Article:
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A174684 The number of (tame) knots and links with Matveev complexity n for closed manifolds, given by Heard in the form of a surgery description when the underlying space is not S^3. 0
3, 4, 13, 32 (list; graph; refs; listen; history; text; internal format)
Matveev complexity is additive under connected sum, hence to know the complexity of any manifold one only needs to know that of its connected summands; and, with a few easy exceptions, the complexity of a prime manifold equals the minimal number of tetrahedra required to triangulate it. Heard determines all (0,1,2)-irreducible pairs up to complexity 5, allowing disconnected graphs but forbidding components without vertices in complexity 5. The result is a list of 129 pairs, of which 123 are hyperbolic with parabolic meridians. Petronio (p.31) notes that Matveev showed with a (complicated) theoretical argument that no closed manifold of complexity smaller than 9 can be hyperbolic.
Martelli shows that there are precisely 4 closed orientable hyperbolic 3-manifolds of complexity 9, and they coincide with those of smallest known volume. Heard gives pictures of the hyperbolic graphs up to complexity 4, as figure Figure 16, Complexity 1 (1 example), p.28; Figure 17, Complexity 2 (4 examples), p.28; Figure 18, Complexity 3 (8 examples), p.29; Figures 19-22. Complexity 4 (32 examples), pp.30-33. See pp.27-33 in Heard pictures of the hyperbolic graphs up to complexity 4, given in the form of a surgery description when the underlying space is not S^3.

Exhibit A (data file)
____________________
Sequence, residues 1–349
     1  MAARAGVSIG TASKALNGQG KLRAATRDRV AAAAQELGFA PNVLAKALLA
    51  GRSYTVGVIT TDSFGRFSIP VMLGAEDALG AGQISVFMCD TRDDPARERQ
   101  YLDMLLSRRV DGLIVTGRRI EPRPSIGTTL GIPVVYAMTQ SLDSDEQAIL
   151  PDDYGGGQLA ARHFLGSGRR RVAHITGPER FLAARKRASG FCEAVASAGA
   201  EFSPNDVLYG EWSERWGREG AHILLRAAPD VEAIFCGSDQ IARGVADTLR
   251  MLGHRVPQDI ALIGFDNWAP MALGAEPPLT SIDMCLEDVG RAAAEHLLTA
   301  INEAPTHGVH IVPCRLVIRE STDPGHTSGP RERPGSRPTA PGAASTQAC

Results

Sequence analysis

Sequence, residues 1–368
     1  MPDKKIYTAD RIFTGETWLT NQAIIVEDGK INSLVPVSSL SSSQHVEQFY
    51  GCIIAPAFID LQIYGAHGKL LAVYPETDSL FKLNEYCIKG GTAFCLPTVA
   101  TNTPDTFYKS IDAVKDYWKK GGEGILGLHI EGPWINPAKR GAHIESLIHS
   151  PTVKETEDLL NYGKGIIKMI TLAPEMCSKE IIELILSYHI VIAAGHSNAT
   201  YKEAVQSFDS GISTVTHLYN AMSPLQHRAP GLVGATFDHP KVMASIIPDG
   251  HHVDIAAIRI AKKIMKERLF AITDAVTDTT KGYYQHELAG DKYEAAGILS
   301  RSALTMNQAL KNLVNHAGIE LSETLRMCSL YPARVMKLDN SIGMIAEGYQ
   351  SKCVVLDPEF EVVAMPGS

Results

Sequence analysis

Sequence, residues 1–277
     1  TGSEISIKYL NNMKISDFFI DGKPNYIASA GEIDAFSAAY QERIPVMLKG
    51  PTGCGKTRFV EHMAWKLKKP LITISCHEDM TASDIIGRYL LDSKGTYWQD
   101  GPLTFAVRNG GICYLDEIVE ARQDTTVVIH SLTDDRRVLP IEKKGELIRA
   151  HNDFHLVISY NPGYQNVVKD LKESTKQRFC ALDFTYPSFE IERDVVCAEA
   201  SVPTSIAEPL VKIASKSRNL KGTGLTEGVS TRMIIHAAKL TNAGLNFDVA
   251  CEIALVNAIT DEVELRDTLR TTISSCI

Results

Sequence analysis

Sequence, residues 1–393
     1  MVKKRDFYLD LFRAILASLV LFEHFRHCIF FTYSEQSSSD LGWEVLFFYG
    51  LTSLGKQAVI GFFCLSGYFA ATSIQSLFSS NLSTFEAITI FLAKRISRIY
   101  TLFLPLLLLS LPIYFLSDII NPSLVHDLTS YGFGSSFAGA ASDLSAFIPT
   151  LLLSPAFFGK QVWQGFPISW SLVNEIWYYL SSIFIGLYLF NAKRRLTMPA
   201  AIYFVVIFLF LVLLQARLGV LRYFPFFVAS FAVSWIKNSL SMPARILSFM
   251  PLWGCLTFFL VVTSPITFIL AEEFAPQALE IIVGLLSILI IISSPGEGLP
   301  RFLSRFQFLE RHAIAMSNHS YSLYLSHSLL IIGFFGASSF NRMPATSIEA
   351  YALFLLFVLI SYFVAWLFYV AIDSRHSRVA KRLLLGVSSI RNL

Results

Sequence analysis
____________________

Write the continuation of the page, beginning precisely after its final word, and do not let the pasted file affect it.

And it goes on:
For each graph, we give the name and the volume of the hyperbolic structure with parabolic meridians. The figures were produced using Orb and the census of knotted graphs. The theoretical framework underlying the papers is twofold, being based on Matveev's theory of spines and on Thurston's idea (later developed by several authors) of constructing hyperbolic structures via triangulations. Many of these results were obtained (or suggested) by computer investigations.
B. Martelli and C. Petronio, 3-manifolds having complexity at most 9, Experiment. Math. 10 (2001), 207-237.
S. V. Matveev, Complexity theory of three-dimensional manifolds, Acta Appl. Math. 19 (1990), 101-130.
Damian Heard, Craig Hodgson, Bruno Martelli, Carlo Petronio, Hyperbolic graphs of small complexity, April 30, 2008.
*** I am not sure that I properly understood all definitions end enumerations of the two arXiv papers for a(3), which might not be 32 if I misunderstood ***
a(0) = 3 because of the unknot in S^3, the core of Heegaard torus in P^3, and the core of Heegaard torus in L(3; 1). a(1) = 4 because of the trefoil in S^3, the Hopf link in S^3, the core of Heegaard torus in L(4; 1), and core of Heegaard torus in L(5; 2). See table 10, p.26 of Heard. a(2) = 13, which are described in Table 10, p.26 of Heard. In complexity 3 only knots and links in the 3-sphere are described in that table; those not in the 3-sphere are shown in later tables.
Sequence in context: A111954 A192872 A036672 * A286917 A084315 A194649
Jonathan Vos Post, Mar 26 2010

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